From the book's description on Amazon:"Buying groceries, tracking our health, finding a date: whatever we want to do, odds are that we can now do it online. But few of us ask how all these digital products are designed, or why. It's time we change that. Many of the services we rely on are full of oversights, biases, and downright ethical nightmares. Chatbots that harass women. Signup forms that fail anyone who's not straight. Social media sites that send peppy messages about dead relatives. Algorithms that put more black people behind bars. Technically Wrong takes an unflinching look at the values, processes, and assumptions that lead to these problems and more. Wachter-Boettcher demystifies the tech industry, leaving those of us on the other side of the screen better prepared to make informed choices about the services we use - and demand more from the companies behind them."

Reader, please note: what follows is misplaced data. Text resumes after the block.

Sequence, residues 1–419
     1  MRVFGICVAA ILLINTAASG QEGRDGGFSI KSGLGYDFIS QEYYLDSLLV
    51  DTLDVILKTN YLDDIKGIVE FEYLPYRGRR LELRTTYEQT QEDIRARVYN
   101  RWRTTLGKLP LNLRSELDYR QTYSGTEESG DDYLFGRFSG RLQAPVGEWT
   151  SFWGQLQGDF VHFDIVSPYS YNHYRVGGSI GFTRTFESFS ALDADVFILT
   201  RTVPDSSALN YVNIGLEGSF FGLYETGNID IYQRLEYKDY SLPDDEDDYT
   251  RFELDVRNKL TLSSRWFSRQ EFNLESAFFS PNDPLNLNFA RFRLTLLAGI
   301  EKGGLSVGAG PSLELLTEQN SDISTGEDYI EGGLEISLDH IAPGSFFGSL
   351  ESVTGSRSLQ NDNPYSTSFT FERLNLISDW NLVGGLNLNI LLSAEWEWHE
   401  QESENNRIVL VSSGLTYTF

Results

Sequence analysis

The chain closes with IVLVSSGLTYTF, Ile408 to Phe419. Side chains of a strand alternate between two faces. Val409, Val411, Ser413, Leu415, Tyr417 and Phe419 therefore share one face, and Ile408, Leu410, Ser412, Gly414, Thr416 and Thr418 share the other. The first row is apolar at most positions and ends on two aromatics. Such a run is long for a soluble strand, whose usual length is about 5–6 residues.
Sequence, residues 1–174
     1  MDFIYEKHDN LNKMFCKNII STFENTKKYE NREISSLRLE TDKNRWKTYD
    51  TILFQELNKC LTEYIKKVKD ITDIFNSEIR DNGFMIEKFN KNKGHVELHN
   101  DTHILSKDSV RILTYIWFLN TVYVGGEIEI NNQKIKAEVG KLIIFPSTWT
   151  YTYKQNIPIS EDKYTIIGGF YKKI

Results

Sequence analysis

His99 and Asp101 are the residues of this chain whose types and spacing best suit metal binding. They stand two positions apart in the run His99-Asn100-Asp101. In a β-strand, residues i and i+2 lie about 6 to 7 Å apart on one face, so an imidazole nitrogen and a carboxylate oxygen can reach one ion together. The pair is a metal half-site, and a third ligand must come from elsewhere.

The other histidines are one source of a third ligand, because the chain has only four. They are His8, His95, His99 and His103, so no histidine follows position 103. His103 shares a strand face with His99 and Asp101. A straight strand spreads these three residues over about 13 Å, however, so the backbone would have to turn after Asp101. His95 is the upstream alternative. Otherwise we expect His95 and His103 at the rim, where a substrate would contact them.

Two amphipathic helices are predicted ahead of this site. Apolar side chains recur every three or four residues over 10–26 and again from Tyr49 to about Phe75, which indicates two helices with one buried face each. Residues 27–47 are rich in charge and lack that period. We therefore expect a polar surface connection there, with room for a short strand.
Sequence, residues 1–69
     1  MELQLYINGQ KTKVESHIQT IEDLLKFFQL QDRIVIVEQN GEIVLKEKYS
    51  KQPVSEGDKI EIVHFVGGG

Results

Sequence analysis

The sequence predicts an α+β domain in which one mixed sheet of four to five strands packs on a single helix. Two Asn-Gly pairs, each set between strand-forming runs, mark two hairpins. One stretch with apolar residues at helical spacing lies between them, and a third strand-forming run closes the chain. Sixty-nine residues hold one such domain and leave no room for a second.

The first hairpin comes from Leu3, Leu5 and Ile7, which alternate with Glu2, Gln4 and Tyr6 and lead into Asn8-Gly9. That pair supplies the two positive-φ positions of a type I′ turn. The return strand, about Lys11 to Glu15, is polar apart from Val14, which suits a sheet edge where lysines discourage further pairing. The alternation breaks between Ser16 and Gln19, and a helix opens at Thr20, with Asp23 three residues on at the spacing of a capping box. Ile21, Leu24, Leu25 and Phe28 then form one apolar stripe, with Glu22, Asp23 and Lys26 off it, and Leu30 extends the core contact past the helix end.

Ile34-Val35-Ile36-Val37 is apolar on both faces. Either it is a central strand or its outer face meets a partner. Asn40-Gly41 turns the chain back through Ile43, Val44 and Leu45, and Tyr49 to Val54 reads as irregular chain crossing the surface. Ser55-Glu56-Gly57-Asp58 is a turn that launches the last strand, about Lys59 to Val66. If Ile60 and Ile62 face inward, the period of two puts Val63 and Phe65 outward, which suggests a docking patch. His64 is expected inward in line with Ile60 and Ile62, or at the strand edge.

From the book's description on Amazon:"Silicon Valley is not a fantasyland of unicorns, virtual reality rainbows, and 3D-printed lollipops for women in tech. Instead, it’s a "Brotopia," where men hold the cards and make the rules. While millions of dollars may seem to grow on trees in this land of innovation, tech’s aggressive, misogynistic, work-at-all costs culture has shut women out of the greatest wealth creation in the history of the world.Brotopia reveals how Silicon Valley got so sexist despite its utopian ideals, why bro culture endures even as its companies claim the moral high ground, and how women are speaking out and fighting back. Drawing on her deep network of Silicon Valley insiders, Chang opens the boardroom doors of male-dominated venture capital firms like Kleiner Perkins, the subject of Ellen Pao's high-profile gender discrimination lawsuit, and Sequoia, where a partner once famously said they "won't lower their standards" just to hire women. Exposing the flawed logic in common excuses for why tech has long suffered the “pipeline” problem and invests in the delusion of meritocracy, Brotopia also shows how bias coded into AI, internet troll culture, and the reliance on pattern recognition harms not just women in tech but us all, and at an unprecedented scale."